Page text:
IraqMiddle East

Iraqi PM sacks electricity minister, 5 election officials

Iraqi Prime Minister Haider al-Abadi has sacked his minister of electricity and five election officials following weeks of protests against corruption and chronic power outages.

Abadi sacked Qassem al-Fahdawi on Sunday “because of the deterioration in the electricity sector,” a statement from the prime minister’s office said.

The decision came a day after the premier fired five election officials at the suggestion of a committee set up to examine alleged voter irregularities in the May parliamentary elections.

He took the move following top cleric Grand Ayatollah Ali al-Sistani’s call on the government to tackle corruption and poor basic services.

A judiciary official said the election officials will be put on trial on charge of fraud, including vote buying.

The suspects were the heads of election offices in Salaheddin, Kirkuk and Anbar provinces as well as those who oversaw the voting in neighboring Jordan and Turkey.

Iraqi electoral commission employees manually count ballots and compare them with electronic counting machine print-outs in the central holy city of Najaf on May 13, 2018. (Photo by AFP)

All five have been sacked “and will appear before the courts” in connection with allegations of fraud, Judge Laith Hamza was quoted as saying.

The decision to put them on trial was made following recommendations by a ministerial committee, which issued a 28-page report after reviewing a series of complaints.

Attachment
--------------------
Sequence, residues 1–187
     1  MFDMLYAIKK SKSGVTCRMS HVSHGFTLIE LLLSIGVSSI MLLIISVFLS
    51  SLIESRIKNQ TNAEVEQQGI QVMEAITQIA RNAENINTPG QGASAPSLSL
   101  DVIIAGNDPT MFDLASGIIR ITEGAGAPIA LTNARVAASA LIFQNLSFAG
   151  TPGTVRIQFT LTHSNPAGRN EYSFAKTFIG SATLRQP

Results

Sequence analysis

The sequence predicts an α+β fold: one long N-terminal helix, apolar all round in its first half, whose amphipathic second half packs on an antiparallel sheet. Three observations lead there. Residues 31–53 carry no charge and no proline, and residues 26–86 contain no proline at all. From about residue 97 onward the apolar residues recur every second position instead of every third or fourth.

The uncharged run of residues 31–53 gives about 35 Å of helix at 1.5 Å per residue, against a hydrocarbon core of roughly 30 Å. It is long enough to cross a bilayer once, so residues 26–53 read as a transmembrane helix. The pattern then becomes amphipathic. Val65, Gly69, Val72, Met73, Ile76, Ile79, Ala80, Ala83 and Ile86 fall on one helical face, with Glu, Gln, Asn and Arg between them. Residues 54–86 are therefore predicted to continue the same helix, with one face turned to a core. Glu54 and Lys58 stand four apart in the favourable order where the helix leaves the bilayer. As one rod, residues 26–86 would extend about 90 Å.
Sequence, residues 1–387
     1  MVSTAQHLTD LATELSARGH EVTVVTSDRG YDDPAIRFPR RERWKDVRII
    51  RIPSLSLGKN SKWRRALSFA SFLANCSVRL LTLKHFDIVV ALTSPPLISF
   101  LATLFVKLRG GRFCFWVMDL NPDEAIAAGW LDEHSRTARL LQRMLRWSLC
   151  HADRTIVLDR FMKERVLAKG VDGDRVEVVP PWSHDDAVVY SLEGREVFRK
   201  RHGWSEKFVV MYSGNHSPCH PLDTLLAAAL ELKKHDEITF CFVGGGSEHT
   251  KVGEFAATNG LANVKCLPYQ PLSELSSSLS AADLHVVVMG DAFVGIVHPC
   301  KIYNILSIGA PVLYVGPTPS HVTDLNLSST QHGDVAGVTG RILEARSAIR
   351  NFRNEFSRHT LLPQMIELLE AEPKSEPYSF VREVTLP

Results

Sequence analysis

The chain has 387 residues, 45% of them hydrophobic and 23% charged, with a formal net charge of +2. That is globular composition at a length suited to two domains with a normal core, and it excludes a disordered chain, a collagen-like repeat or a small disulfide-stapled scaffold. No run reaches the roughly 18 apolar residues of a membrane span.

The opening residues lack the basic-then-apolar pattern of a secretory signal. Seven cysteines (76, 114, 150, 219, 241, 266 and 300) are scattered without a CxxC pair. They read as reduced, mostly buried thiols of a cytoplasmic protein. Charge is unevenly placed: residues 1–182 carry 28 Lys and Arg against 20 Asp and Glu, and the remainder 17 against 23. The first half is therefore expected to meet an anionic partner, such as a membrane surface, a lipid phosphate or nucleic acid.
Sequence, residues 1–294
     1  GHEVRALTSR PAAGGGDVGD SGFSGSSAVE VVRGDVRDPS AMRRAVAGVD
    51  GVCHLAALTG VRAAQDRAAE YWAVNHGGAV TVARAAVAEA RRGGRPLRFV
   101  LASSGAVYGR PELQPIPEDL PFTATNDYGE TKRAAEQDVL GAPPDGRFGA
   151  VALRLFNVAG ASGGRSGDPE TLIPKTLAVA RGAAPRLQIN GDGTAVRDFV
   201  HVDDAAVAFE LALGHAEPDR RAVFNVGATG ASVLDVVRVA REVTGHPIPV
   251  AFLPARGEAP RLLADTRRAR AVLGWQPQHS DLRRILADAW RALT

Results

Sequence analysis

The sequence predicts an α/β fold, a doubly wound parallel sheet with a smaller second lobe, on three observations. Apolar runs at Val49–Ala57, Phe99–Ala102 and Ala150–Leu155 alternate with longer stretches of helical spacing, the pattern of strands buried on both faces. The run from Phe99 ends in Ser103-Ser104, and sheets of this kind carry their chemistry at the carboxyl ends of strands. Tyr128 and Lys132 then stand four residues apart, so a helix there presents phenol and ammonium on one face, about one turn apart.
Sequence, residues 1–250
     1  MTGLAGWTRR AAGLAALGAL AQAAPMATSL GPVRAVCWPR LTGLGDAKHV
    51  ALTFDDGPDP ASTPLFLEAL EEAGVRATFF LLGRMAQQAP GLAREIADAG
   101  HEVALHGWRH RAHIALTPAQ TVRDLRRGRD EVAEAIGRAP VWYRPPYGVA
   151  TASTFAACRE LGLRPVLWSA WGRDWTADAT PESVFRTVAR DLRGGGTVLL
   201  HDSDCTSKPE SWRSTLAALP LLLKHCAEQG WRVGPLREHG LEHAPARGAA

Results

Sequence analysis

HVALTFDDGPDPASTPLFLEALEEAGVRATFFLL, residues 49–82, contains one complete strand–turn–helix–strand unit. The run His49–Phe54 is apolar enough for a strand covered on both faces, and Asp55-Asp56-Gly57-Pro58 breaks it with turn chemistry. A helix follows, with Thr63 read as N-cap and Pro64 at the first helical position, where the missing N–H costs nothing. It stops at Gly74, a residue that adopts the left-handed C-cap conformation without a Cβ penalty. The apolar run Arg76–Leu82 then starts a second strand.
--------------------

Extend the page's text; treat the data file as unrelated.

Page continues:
Hamza said the committee recommended that the five suspects be tried after coming across election “violations, fraud and corruption” in the districts which they headed.

Since June, Iraq has been manually recounting the ballots as ordered by the parliament.

Opposition politicians behind the fraud claims say that the electronic system used for the first time in the May 12 polls was susceptible to abuse.

Senior cleric Muqtada al-Sadr won a majority in the polls at the head of his political bloc. Iraqi politicians have been trying to form a cabinet since the elections.

On Friday, Ayatollah Sistani called for the new government to be sworn in faster as he urged government action to fight corruption.

“The current government must work hard urgently to implement citizens’ demands and reduce their suffering and misery,” the top cleric’s representative said in the holy city of Karbala.

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